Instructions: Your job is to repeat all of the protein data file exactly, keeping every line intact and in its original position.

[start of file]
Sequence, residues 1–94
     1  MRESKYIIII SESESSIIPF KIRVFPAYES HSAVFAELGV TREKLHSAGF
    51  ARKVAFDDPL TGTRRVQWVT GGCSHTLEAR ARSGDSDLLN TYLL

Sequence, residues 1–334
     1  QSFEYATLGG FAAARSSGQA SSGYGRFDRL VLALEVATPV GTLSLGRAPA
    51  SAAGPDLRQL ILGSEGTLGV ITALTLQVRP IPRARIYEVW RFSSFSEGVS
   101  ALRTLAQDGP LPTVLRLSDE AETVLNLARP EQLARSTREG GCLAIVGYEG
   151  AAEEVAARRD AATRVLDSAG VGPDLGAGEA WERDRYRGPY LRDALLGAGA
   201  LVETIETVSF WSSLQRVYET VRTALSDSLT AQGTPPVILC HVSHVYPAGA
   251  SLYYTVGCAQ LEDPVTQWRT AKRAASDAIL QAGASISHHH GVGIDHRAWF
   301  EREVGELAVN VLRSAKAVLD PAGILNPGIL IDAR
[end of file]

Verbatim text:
Sequence, residues 1–94
     1  MRESKYIIII SESESSIIPF KIRVFPAYES HSAVFAELGV TREKLHSAGF
    51  ARKVAFDDPL TGTRRVQWVT GGCSHTLEAR ARSGDSDLLN TYLL

Sequence, residues 1–334
     1  QSFEYATLGG FAAARSSGQA SSGYGRFDRL VLALEVATPV GTLSLGRAPA
    51  SAAGPDLRQL ILGSEGTLGV ITALTLQVRP IPRARIYEVW RFSSFSEGVS
   101  ALRTLAQDGP LPTVLRLSDE AETVLNLARP EQLARSTREG GCLAIVGYEG
   151  AAEEVAARRD AATRVLDSAG VGPDLGAGEA WERDRYRGPY LRDALLGAGA
   201  LVETIETVSF WSSLQRVYET VRTALSDSLT AQGTPPVILC HVSHVYPAGA
   251  SLYYTVGCAQ LEDPVTQWRT AKRAASDAIL QAGASISHHH GVGIDHRAWF
   301  EREVGELAVN VLRSAKAVLD PAGILNPGIL IDAR